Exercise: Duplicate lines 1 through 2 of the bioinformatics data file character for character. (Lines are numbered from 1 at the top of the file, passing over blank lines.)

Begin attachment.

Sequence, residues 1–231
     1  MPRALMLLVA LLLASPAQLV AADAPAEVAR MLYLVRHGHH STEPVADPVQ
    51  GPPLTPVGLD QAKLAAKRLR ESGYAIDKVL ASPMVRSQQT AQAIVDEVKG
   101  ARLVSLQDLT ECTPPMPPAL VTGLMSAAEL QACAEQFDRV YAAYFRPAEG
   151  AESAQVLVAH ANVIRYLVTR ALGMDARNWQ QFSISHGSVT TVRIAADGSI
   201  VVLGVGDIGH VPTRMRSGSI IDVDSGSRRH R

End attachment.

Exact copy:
Sequence, residues 1–231
     1  MPRALMLLVA LLLASPAQLV AADAPAEVAR MLYLVRHGHH STEPVADPVQ